2. ZL Technologies, a San Jose-based IT company specializing in cutting-edge enterprise software solutions for e-mail and file archiving, is challenging Gartner Group and the legitimacy of Gartner’s “Magic Quadrant.” In a complaint filed on May 29, 2009, ZL claims that Gartner’s use of their proprietary “Magic Quadrant” is misleading and favors large vendors with large sales and marketing budgets over smaller innovators such as ZL that have developed higher performing products. The complaint alleges: defamation; trade libel; false advertising; unfair competition; and negligent interference with prospective economic advantage.

    This Friday, Oct. 23, there will be a hearing on Gartner’s motion to dismiss ZL’s complaint on First Amendment grounds. Though Gartner claims that its research is “objective, defensible and credible,” its court filings say that its research reports are “pure opinion,” i.e., opinions not based on fact. ZL believes this is clearly misleading to enterprises which expect better from Gartner than merely opinions-not-based-on-fact to resolve serious IT problems.

    The lawsuit and related court documents may be viewed at: ZL v. Gartner Court Documents | ZL Technologies

    Regardless of how the court may decide the First Amendment arguments, ZL hopes to achieve the following through legal, political and other means:
    - Fair Disclosure on Conflicts of Interest – Gartner generates its revenues from payments made by the same vendors whose products it evaluates. Similar to the new rules now being imposed on financial ratings agencies on Wall Street, Gartner should be required to disclose the revenues received from the vendors it ranks.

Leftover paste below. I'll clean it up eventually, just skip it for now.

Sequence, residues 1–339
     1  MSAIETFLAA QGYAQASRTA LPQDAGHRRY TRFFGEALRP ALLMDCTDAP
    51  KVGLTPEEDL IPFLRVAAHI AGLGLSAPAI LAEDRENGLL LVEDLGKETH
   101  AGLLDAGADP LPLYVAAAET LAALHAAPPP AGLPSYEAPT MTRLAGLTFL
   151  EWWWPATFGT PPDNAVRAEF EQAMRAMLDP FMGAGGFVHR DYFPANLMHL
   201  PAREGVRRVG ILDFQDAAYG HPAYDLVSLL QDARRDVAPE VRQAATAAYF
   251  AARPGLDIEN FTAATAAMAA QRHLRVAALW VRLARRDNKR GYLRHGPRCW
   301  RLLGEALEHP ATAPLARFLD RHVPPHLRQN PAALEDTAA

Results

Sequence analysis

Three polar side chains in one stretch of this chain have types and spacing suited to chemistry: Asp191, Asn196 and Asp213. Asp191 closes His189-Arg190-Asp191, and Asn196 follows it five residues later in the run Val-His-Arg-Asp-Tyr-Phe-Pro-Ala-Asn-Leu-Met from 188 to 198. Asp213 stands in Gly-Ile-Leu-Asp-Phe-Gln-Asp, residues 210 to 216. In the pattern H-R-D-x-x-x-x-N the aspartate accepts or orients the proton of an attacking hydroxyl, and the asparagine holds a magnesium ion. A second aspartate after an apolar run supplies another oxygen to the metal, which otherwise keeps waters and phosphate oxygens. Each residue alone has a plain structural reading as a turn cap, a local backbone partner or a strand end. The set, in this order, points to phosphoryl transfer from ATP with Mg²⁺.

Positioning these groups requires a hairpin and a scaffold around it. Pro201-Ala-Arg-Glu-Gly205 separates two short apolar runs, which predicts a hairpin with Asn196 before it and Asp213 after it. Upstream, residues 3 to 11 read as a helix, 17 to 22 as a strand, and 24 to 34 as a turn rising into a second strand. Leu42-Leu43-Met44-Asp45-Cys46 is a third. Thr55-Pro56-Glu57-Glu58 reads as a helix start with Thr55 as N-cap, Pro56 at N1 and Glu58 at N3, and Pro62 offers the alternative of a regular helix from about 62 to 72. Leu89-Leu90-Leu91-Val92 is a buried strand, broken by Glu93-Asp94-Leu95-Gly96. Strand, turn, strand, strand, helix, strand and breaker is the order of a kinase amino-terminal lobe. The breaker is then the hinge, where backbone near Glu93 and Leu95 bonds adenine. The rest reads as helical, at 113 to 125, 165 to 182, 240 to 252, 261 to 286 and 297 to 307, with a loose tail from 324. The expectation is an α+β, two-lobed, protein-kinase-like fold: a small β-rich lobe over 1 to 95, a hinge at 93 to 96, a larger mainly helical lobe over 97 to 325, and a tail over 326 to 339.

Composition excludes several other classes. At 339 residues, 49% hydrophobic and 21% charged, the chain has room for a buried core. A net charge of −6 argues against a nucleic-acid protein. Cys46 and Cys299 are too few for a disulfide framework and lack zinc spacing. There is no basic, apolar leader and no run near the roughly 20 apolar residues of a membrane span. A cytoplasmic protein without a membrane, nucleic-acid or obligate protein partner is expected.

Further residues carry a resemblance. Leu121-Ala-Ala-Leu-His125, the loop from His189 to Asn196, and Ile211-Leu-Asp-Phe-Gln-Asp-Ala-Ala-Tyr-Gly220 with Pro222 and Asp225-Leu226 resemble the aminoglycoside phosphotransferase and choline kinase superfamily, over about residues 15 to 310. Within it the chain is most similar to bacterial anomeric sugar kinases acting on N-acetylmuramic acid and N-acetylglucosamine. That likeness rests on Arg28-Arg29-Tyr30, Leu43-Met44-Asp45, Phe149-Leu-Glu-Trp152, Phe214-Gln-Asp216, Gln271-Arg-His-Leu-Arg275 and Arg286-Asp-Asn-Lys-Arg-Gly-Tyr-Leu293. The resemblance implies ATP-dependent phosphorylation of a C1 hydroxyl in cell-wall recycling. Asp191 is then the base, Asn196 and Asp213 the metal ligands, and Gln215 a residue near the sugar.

- Fair Disclosure on Evaluation Scores – The tech industry would benefit if Gartner were required to disclose more data in its evaluation process and disclose component scores so vendors know exactly where they are lacking and by how much and take corrective action. Currently, there is zero disclosure, which can lead to arbitrary placement, with no recourse and no basis for appeal.
    - Better Oversight – Gartner currently has an employee act as ombudsman to handle disagreements. The conflict of interest is self-evident in the way ZL’s concerns were summarily dismissed with little supporting evidence. There is a crying need to establish an impartial ombudsman similar to those found in public media, in order to ensure purchasers that they are receiving impartial analysis.

    ZL believes that Gartner’s immense heft and power in the marketplace necessitate careful checks and balance against abuse of power. ZL believes that if IT innovation is to remain a driver for the U.S. economy, there must be assurances that ratings agencies such as Gartner do not subvert the competitive forces which drive innovation.

    The time to act is now. Ratings agencies have impact. If left unchecked, the consequences can be dire, as we recently witnessed with poorly rated financial instruments wreaking havoc on our financial institutions. The SEC has seen fit to impose new rules on the ratings agencies involved. Surely it is time for similar rules to ensure that Gartner’s overwhelming power in the enterprise does not result in restricting competition, choking U.S. innovation and saddling enterprises with inferior products.